Thus we have

$$\begin{aligned} \max_{ \substack{ 0\leq k\leq m \\ k \text{ even} } } \|S^{k}x-S^{k}y ) \leq \max _{ \substack{ 0\leq k\leq m \\ k \text{ odd}} } \bigl\Vert S^{k}x-S^{k}y \bigr\Vert . \end{aligned}$$

Consequently, S is an \((m,\infty )\)-expansive mapping.

(2) This statement follows from statement (1) by reversing the above inequality.

(3) Suppose that \(S_{i}\) is completely ∞-hyperexpansive for each \(i=1,2,\ldots,n\), and hence each \(S_{i}\) is \((k,\infty )\)-expansive for any \(k \in \mathbb{ N}\). As a consequence of this observation, we deduce the following inequality for all \(x,y \in X\):

$$\begin{aligned} \max_{ \substack{ 0\leq j\leq k \\ j \text{ even} } } \bigl\Vert S^{j}x-S^{j}y \bigr\Vert &= \max_{ \substack{ 0\leq j\leq k \\ j \text{ even} } } \Bigl(\max_{1\leq i \leq n} \bigl\Vert S_{i}^{j}x_{i}-S_{i}^{j}y_{j} \bigr\Vert _{i} \Bigr) \\ &= \max_{1\leq i \leq n} \Bigl(\max_{ \substack{ 0\leq j\leq k \\ j \text{ even} } } \bigl\Vert S_{i}^{j}x_{i}-S_{i}^{j}y_{j} \bigr\Vert _{i} \Bigr) \\ &\leq \max_{ \substack{ 0\leq j\leq k \\ j \text{ odd} } } \bigl\Vert S^{j}x-S^{j}y \bigr\Vert ,\quad \forall k\in \mathbb{N}, \end{aligned}$$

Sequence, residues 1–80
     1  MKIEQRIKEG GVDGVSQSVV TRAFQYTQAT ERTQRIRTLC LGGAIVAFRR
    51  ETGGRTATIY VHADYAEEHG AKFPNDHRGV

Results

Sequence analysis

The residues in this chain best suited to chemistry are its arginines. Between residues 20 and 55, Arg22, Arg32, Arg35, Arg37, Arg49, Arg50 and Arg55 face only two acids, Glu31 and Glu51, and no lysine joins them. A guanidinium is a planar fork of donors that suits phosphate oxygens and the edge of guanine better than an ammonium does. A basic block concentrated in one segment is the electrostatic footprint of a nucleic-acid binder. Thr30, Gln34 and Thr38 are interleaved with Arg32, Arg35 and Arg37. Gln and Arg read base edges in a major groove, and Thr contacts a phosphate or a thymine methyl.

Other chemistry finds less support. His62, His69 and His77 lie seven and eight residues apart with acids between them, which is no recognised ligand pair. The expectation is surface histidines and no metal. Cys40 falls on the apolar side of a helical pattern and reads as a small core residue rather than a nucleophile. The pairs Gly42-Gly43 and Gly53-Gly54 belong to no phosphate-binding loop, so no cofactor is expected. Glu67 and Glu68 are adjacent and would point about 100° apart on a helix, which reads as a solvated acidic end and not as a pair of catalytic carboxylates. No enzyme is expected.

from which statement (3) follows.

(4) This statement is proved in the same way as statement (3). □

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Ayed Al-Ahmadi, A.M. Nonlinear \((m,\infty )\)-isometries and \((m,\infty )\)-expansive (contractive) mappings on normed spaces. J Inequal Appl 2021, 87 (2021). https://doi.org/10.1186/s13660-021-02607-w

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MSC

  • 54E40
  • 62H86

Keywords

  • \((m,\infty )\)-isometries
  • m-isometric operators
  • Expansive and contractive operator